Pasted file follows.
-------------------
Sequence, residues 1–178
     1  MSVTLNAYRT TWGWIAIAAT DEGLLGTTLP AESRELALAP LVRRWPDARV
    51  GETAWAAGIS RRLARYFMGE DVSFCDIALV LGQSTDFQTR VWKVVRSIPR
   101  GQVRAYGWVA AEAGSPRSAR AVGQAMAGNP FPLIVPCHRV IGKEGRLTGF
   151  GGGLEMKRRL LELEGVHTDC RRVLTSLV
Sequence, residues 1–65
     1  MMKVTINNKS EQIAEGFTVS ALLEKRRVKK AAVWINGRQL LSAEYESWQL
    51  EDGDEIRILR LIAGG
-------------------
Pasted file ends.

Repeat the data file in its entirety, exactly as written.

Sequence, residues 1–178
     1  MSVTLNAYRT TWGWIAIAAT DEGLLGTTLP AESRELALAP LVRRWPDARV
    51  GETAWAAGIS RRLARYFMGE DVSFCDIALV LGQSTDFQTR VWKVVRSIPR
   101  GQVRAYGWVA AEAGSPRSAR AVGQAMAGNP FPLIVPCHRV IGKEGRLTGF
   151  GGGLEMKRRL LELEGVHTDC RRVLTSLV
Sequence, residues 1–65
     1  MMKVTINNKS EQIAEGFTVS ALLEKRRVKK AAVWINGRQL LSAEYESWQL
    51  EDGDEIRILR LIAGG